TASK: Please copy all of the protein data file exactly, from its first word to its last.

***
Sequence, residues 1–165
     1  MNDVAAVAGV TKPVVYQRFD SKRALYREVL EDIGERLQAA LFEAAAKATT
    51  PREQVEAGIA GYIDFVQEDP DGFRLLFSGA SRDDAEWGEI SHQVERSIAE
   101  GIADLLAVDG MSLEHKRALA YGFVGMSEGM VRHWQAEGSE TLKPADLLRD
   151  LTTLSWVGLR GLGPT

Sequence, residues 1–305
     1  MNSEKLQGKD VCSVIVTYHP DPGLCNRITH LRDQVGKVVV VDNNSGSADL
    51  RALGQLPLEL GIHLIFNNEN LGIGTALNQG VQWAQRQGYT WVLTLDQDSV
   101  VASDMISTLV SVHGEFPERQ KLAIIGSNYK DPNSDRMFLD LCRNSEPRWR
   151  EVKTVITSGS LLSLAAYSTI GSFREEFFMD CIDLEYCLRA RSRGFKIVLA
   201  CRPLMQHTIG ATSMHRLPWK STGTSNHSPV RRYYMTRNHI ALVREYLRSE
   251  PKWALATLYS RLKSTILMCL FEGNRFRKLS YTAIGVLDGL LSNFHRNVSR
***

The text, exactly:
Sequence, residues 1–165
     1  MNDVAAVAGV TKPVVYQRFD SKRALYREVL EDIGERLQAA LFEAAAKATT
    51  PREQVEAGIA GYIDFVQEDP DGFRLLFSGA SRDDAEWGEI SHQVERSIAE
   101  GIADLLAVDG MSLEHKRALA YGFVGMSEGM VRHWQAEGSE TLKPADLLRD
   151  LTTLSWVGLR GLGPT

Sequence, residues 1–305
     1  MNSEKLQGKD VCSVIVTYHP DPGLCNRITH LRDQVGKVVV VDNNSGSADL
    51  RALGQLPLEL GIHLIFNNEN LGIGTALNQG VQWAQRQGYT WVLTLDQDSV
   101  VASDMISTLV SVHGEFPERQ KLAIIGSNYK DPNSDRMFLD LCRNSEPRWR
   151  EVKTVITSGS LLSLAAYSTI GSFREEFFMD CIDLEYCLRA RSRGFKIVLA
   201  CRPLMQHTIG ATSMHRLPWK STGTSNHSPV RRYYMTRNHI ALVREYLRSE
   251  PKWALATLYS RLKSTILMCL FEGNRFRKLS YTAIGVLDGL LSNFHRNVSR